Impressions of Ho Chi Minh (Photo Series).

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Our cozy hotel setup at the Silverland Sakyo Hotel. While I appreciated the japanese inspired designs, our room had no windows. We had a really hard time getting up in the mornings without natural daylight.

 

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Despite its allure, I never actually got to bathe in this thing.

 

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A man earning his keep by selling pastries, all precariously balanced on his head. He placed the tray on my head for a short second and had it not had been for the support of his hands, my neck may have snapped. That thing was HEAVY.

 

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Exploring local markets, all of which were selling plenty of fake goods. Kenzo jumpers, Michael Kors bags and Ray ban knock offs.

 

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Being overwhelmed, yet super excited about the array of local food offered at the stalls, all for an average price of 2 Euros.

 

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Incase you weren’t drooling already. This was at Ben Thanh Market. The perfect place to get some souvenirs and food.

 

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As you can tell, I’m pretty darn happy. Pictured are classic vietnamese spring rolls and a wonton noodle soup.

 

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A Banh Mi stand sheltering under a tree.

 

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Next to the famous post office, there was a sort of “book-road” filled with cute cafés and book shops. A great place to come drink a delicious iced-coffee while getting away from the afternoon heat.

 

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Stacks and stacks of second-hand books. I don’t know what it is about them but I have to hold myself back from taking bags of them back home.

 

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This cute little display was located right next to the Saigon Notre Dame Cathedral.

 

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We also visited the Trung Ngyuen Café which is well known for it’s coffee. I loved the originality of the sand floors. I took of my shoes straight away and dug my toes into the sand.

 

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Trung Nguyen coffee beans available for sale. Did you know that Vietnam is famous for its Weasel Coffee? Weasels can pick out the sweetest and ripest coffee berries. They eat them and once the berries are pooped out (still intact) , they are used to make a very aromatic and expensive brand of coffee.

 

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After bad service and much anticipation , I was disappointed that the coffee tasted like bitter medicine and the glass of water which was flavoured with some tea to help cleanse the palate tasted like pee water, or what I would imagine that would taste like. I think i’ll stick to my european coffee from now on haha.

 

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This picture was taken at the War Remnants Museum, which was not for the faint of heart. I knew the Vietnam war had been devastating, but upon visiting the museum, I was left teary-eyed  and speechless. After learning about the horrible torture that civilians were subject to as well as the rape and killing of innocent children and the long-term effects of “Agent Orange”, I couldn’t help but feel a deep sadness for humanity. This photo hit a chord with me because here were these children, who were unknowingly posing with weapons of war, without a care in the world, while other just as innocent children are still victims of war today.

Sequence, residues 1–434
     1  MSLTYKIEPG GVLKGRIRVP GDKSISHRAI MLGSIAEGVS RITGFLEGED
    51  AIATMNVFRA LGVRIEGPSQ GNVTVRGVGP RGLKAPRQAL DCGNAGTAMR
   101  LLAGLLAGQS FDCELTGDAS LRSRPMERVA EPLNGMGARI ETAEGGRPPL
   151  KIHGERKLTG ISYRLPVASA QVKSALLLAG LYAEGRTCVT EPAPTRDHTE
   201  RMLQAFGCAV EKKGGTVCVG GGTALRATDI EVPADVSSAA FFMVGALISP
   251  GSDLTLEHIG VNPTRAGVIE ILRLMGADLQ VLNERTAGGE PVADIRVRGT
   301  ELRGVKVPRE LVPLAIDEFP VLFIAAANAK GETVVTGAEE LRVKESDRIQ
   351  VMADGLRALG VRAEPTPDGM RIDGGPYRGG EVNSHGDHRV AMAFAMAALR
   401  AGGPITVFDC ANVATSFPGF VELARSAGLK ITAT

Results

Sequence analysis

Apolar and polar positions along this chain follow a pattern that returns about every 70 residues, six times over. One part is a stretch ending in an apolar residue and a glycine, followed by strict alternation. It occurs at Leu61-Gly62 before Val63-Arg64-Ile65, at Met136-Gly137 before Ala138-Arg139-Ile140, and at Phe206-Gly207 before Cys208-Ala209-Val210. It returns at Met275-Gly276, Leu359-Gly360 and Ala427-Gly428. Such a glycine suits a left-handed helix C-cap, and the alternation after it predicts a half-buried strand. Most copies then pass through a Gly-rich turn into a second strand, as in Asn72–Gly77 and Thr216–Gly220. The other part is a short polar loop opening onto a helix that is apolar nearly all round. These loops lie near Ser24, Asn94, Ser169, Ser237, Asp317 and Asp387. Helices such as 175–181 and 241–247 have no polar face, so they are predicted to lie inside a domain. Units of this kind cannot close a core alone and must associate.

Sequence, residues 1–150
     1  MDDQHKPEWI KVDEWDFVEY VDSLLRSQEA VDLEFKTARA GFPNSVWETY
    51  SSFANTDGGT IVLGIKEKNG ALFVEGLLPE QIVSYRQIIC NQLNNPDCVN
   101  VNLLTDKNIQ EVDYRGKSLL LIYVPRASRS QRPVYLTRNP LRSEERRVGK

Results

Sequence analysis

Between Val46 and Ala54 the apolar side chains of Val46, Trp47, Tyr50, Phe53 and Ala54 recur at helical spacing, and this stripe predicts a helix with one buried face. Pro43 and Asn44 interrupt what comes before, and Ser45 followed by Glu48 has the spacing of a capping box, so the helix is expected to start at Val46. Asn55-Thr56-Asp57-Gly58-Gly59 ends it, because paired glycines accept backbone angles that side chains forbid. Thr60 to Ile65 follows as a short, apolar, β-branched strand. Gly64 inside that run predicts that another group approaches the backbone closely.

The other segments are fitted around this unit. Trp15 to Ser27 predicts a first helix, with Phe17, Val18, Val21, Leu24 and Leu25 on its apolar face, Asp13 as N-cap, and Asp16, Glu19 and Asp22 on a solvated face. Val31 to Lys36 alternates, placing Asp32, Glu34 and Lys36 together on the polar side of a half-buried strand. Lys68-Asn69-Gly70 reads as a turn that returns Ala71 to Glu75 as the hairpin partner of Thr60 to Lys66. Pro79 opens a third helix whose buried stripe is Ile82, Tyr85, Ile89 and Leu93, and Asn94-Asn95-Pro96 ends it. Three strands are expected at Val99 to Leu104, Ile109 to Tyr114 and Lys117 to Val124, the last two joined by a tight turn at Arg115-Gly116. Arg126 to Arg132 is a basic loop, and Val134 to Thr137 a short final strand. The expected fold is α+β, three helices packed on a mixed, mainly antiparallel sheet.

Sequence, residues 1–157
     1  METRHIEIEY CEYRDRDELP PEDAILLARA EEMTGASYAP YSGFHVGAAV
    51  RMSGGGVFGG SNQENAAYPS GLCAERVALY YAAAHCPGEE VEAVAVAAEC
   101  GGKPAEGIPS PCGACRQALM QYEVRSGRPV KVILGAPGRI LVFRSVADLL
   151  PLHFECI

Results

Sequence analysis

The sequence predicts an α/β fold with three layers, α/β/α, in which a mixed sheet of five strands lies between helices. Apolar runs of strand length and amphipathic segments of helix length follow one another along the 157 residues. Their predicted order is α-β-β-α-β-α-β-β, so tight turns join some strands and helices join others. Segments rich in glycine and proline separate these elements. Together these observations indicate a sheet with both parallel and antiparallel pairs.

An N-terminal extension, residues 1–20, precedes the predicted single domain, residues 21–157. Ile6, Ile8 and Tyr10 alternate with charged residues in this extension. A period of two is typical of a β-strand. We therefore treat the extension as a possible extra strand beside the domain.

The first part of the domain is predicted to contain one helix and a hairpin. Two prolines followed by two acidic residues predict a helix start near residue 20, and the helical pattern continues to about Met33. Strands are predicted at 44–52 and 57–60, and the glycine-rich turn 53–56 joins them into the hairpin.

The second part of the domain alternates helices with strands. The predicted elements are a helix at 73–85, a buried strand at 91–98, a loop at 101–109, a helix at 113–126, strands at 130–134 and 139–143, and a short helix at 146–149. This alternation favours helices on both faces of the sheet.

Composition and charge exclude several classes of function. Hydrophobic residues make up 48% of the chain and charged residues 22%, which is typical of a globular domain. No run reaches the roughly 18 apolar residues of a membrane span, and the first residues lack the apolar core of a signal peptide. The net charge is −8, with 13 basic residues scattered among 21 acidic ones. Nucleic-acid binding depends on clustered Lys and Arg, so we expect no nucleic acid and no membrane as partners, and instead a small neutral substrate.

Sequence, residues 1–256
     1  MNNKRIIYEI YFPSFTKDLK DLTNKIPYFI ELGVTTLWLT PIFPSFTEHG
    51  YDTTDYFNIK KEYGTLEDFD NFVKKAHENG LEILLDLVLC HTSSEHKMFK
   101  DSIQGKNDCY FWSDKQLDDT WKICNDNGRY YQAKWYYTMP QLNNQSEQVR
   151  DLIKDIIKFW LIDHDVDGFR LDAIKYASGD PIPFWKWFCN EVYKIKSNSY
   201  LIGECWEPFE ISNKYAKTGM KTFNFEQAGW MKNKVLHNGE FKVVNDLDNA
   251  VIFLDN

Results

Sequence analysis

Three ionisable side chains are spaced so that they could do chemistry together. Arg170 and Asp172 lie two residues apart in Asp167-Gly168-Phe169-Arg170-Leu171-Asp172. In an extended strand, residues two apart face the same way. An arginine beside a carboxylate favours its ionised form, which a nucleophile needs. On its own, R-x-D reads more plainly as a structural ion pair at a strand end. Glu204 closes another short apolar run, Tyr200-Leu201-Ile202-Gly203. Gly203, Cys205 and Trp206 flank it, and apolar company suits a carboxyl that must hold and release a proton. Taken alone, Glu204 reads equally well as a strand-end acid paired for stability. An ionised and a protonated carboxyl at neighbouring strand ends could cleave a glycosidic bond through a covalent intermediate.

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This handsome fella was sticking his tongue out at us as we passed.

As a side note, as you can see , I am no professional photographer nor do I claim to be. I’m just as clueless with a camera as I am with my life but I’m hoping you still get the overall picture (pun intended because I’m such a master of the written word).

– A Pearl of the Orient.

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Good morning, Vietnam!

For the first leg of the trip to Vietnam in February, Benny and I decided we wanted to head to the beach before exploring the city so we headed to Nha Trang via Ho Chi Minh and let me tell you, I have never had a more stressful connecting flight. As we checked in for our first flight to Ho Chi Minh from Bangkok, the counter assistant informed us that they would not be able to transfer our baggage directly to Nha Trang. Instead, we would, upon arrival, have to pick up our luggage, leave the arrival hall and walk to the departure hall and check in all over again to catch our next flight, with a mere 90 mins in-between. Normally, I would’ve been easy but knowing that we had applied for VOA’S (Visas on Arrival) which were subject to inspection and approval after handing over an official letter from the Embassy which was applied for weeks in advance, I had a bad feeling in my stomach since the moment we took off , which ofcourse, was not on time.  Upon arrival, I was ready to pounce like a tiger, till I realised our plane had not directly parked at the terminal. So, we had to catch a bus. After being dropped off at the terminal, we rushed to the office which was responsible for handing us our visas; There were atleast another 50 people waiting, and a bunch of tourists loudly trying to communicate with the officer who on his part, was choosing to ignore their flailing arms and wads of cash. When I did manage to fight my way through, I, half panicked, tried to explain the situation that our flight was due to depart in 50 minutes. While the other officers stood in the background chatting and checking their phones, he cooly told me to take a seat and that it’d be fine. With 35 mins left, our names were finally called. Not only did Benny and I have to jump the immigration queue whilst I was apologising like a crazy person, our luggage had not even arrived at the carousel. How we managed to make that plane is still questionable.